What started as a personal Instagram project aimed at reconnecting the artist with her roots grew to encompass the shared experiences of a distinctly SoCal subculture.
Projections of young Latina women partying in 1990s Los Angeles dance on the walls behind Guadalupe Rosales underneath a ceiling dotted with plastic glow-in-the-dark stars. If the images represent a constellation of Chicanx subculture, Rosales is its North Star.
Rosales runs the popular Instagram account Veteranas and Rucas, a digital community-sourced archive dedicated to images that reflect 1980s and ’90s Latinx youth culture in Southern California. She began the account in 2015 while living in New York as a way to reconnect with her Boyle Heights roots. The archivist has turned the collective history into her first solo exhibition called “Echoes of a Collective Memory” showing at the Vincent Price Art Museum in East Los Angeles through March 23.
“When I started, I didn’t even know the words to describe myself,” Rosales says to a group of nearly 70 exhibit attendees on a rainy Sunday afternoon. “I had to start with the stereotype — the lowrider, the chola — but everything I found was cliché. I needed something that went deeper.”
For Rosales, the archive celebrates the “good times and trauma” of coming of age in ’90s Los Angeles when gang violence was at its highest. During that decade the homicide rate topped 1,000 deaths per year in the city alone. The project is also a way for Rosales to heal from her own wounds. In 1996, her cousin, Ever Sanchez, was stabbed to death at a party in a gang-related murder.
Haunted by grief for her cousin, Rosales booked a one-way trip to New York in 2000 where she lived for nearly 15 years.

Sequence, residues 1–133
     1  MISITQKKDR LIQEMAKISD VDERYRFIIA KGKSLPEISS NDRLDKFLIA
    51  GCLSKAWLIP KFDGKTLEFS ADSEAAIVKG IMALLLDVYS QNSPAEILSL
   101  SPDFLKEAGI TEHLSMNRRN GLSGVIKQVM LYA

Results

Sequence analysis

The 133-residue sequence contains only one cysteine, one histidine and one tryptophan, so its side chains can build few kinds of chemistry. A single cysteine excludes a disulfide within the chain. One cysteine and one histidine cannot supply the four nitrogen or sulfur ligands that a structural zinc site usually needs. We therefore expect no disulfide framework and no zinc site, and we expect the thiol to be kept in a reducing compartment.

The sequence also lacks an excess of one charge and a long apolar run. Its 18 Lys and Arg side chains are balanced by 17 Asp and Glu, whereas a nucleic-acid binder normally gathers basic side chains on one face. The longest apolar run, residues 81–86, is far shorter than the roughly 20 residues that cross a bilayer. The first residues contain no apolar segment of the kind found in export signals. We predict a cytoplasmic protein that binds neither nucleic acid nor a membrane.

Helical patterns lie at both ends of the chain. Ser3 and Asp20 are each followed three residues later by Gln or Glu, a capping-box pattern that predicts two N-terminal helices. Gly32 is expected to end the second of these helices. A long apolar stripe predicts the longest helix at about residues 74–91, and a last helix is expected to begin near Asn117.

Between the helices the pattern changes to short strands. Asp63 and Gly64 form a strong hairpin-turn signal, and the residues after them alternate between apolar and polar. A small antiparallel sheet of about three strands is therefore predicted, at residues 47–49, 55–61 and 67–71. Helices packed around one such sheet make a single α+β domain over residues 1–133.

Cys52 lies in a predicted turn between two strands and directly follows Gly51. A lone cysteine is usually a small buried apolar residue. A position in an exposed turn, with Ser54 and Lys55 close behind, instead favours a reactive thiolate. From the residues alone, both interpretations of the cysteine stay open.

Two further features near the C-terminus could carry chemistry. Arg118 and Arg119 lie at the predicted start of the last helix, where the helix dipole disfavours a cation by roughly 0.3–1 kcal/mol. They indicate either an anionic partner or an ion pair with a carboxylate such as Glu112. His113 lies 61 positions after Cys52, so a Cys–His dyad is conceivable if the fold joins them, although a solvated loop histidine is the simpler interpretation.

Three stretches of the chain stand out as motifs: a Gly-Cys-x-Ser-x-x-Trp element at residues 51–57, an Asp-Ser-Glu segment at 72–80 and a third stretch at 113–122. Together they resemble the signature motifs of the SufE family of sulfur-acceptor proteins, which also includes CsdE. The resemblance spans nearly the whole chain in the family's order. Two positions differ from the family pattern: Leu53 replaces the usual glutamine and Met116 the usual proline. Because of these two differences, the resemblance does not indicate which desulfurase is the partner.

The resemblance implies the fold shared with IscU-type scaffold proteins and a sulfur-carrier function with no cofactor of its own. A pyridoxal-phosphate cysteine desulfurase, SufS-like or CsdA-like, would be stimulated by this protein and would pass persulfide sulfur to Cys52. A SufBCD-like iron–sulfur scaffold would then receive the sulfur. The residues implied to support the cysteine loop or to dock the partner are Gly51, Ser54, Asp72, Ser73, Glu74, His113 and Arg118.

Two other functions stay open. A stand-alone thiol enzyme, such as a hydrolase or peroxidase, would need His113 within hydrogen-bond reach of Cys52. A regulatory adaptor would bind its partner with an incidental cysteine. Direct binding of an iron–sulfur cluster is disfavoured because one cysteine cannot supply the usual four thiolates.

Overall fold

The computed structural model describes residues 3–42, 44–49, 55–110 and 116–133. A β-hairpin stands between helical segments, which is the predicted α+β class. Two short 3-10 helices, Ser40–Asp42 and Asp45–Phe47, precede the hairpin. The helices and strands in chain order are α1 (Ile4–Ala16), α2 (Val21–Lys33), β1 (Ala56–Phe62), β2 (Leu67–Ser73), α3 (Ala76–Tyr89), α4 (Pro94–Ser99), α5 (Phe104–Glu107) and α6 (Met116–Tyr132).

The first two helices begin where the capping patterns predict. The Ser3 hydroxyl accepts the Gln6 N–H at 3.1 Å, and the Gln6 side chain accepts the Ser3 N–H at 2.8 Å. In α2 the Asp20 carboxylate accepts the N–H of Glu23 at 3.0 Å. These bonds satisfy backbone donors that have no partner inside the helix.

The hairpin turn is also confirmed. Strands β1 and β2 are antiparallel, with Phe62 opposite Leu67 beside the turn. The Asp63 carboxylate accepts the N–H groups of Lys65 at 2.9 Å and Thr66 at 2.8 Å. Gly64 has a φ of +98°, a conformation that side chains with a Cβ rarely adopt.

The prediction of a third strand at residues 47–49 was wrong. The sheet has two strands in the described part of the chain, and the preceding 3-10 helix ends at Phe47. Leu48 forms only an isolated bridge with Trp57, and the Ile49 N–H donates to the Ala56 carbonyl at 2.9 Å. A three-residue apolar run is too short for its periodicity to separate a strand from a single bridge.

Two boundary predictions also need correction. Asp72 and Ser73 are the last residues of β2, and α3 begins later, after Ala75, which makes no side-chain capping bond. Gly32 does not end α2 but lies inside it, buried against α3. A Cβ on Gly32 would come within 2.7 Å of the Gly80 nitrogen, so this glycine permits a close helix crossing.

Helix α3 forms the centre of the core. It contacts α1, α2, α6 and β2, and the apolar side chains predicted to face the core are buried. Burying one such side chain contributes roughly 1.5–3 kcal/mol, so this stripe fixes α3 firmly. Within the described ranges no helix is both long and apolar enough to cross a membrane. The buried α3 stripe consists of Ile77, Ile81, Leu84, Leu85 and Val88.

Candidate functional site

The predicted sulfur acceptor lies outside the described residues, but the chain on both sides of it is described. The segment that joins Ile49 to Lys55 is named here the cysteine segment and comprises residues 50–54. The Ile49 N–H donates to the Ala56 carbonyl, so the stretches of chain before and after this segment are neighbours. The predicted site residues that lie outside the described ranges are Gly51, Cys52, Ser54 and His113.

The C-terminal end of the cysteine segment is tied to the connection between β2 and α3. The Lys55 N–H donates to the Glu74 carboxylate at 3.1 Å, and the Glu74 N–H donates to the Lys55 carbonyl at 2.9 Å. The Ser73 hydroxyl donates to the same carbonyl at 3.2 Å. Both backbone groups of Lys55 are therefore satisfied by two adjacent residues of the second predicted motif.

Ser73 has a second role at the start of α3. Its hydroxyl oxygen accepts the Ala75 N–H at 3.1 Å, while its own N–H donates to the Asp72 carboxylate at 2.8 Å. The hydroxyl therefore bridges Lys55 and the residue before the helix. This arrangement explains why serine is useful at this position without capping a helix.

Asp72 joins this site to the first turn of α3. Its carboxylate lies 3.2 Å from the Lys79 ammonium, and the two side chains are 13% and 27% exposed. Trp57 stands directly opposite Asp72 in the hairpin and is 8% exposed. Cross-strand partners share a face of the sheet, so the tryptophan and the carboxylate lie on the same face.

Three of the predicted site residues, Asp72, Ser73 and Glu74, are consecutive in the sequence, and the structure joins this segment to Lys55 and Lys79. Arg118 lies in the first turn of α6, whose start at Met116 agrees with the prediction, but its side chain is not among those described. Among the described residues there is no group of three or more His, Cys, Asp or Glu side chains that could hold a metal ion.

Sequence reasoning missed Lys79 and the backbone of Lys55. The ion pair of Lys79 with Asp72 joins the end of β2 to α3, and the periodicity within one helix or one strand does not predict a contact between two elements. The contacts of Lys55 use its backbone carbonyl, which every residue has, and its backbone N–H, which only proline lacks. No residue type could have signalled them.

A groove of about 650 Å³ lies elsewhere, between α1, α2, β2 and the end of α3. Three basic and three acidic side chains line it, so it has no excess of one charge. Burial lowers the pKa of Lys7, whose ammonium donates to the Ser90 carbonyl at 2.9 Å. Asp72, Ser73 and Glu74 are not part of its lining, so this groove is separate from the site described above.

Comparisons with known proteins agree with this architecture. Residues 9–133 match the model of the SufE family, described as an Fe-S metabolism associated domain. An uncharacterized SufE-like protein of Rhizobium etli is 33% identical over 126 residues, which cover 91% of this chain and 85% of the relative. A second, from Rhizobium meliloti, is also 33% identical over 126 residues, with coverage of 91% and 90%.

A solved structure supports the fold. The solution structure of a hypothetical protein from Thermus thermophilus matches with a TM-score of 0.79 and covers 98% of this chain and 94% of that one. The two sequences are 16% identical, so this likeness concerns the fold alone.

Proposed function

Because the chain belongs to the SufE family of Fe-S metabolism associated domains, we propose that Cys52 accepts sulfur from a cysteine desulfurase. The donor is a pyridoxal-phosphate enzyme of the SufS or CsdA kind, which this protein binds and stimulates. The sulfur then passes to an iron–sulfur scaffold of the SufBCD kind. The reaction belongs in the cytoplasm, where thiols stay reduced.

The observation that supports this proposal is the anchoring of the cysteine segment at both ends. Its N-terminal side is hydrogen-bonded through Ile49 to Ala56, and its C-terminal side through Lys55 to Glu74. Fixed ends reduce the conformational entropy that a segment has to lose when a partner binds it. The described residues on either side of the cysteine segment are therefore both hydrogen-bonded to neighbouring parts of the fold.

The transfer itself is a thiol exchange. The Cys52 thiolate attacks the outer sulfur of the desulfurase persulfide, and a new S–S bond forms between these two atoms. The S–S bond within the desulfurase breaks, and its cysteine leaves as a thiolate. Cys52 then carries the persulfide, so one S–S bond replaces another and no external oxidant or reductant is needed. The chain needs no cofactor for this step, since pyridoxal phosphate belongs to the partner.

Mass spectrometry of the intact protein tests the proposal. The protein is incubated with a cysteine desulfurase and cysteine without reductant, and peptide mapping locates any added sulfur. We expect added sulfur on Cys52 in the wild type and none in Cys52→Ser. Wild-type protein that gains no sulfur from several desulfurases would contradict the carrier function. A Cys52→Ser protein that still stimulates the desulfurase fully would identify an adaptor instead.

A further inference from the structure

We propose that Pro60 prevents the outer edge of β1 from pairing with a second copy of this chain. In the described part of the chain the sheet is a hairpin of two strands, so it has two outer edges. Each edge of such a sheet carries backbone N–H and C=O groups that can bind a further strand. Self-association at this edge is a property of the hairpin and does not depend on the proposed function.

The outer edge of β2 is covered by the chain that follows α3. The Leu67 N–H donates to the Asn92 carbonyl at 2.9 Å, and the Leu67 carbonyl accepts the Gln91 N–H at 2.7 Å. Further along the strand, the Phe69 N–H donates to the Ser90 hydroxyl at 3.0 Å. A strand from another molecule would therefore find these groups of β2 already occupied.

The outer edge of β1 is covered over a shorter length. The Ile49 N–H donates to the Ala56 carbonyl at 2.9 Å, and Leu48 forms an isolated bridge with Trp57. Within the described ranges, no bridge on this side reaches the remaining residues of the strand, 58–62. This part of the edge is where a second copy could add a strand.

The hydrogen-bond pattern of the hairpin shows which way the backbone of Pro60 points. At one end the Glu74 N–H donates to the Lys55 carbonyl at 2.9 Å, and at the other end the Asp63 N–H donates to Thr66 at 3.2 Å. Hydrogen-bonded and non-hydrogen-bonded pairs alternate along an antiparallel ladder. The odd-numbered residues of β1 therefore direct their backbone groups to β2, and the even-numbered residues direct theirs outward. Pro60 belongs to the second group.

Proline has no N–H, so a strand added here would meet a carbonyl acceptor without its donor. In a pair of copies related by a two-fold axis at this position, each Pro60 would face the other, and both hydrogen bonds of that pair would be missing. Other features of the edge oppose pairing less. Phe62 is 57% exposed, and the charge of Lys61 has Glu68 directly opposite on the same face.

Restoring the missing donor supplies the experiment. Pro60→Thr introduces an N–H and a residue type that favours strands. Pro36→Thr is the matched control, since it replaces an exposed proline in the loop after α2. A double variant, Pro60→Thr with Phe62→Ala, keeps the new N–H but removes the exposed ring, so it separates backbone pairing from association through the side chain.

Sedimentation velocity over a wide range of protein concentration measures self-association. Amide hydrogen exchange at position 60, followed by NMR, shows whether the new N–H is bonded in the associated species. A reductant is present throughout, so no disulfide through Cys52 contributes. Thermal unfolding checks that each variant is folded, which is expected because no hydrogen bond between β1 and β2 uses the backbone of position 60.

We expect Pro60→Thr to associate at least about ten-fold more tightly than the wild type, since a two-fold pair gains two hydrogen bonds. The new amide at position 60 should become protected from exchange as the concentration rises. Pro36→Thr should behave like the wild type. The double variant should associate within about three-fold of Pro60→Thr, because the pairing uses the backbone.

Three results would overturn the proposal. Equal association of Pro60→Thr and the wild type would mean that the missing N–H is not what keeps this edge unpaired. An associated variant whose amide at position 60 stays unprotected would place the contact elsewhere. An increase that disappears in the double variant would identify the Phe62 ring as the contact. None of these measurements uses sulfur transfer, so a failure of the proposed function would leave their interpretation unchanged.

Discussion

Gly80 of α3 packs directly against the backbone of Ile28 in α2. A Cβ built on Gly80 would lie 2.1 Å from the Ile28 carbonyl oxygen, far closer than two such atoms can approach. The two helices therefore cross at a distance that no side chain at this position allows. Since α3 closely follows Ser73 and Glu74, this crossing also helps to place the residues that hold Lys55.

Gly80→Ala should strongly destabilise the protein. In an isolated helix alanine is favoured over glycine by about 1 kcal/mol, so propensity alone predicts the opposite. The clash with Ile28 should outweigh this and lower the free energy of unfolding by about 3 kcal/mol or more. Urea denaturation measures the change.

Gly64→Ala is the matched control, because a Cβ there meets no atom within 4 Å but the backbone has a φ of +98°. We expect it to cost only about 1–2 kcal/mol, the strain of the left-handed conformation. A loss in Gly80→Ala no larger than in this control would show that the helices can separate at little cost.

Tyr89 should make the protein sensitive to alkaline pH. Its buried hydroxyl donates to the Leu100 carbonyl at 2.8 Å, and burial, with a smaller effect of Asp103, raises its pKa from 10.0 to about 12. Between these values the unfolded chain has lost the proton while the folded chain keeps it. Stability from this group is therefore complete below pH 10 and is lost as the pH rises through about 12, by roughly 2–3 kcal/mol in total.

“I left L.A. being very confused by how much pain I was having,” Rosales says. “That’s actually why I started this because I felt so alone in it.”
But Rosales found that the more she shared, the more others began to connect. Her followers began contributing their own photographs and stories — mainly focused on young women of color — to the account, creating an impressive archive of more than 4,100 images to date. A year later she launched a second Instagram account called Map Pointz solely dedicated to the ’90s party scene.
“I see her work as very feminist,” says Pilar Tompkins Rivas, director of the Vincent Price Art Museum. Rivas says Rosales’ work provides a much needed portrait of the lives of young Latina women, who have limited representation in popular culture. “The idea of a chola doesn’t conjure up a lot of aspirational things in terms of women and I think that she’s taking control of that kind of identity and presenting it in a celebratory kind of way.”
“When I started, I didn’t even know the words to describe myself. I had to start with the stereotype — the lowrider, the chola — but everything I found was cliché. I needed something that went deeper.”
A large mural of young Latina women immediately visible upon entering the gallery represents the feminine influence in Veteranas and Rucas. Rosales explains that the piece is an invitation for visitors to share their story and embrace their history.
“It’s a map of the city and life that many have tucked away to forget,” she says.
These histories are ones that Rosales’ followers are often hesitant to share, mainly due to the negative associations of being connected to gang activity. Rosales says most of the shame stems from the misrepresentation of Latinx and youth party culture in popular media.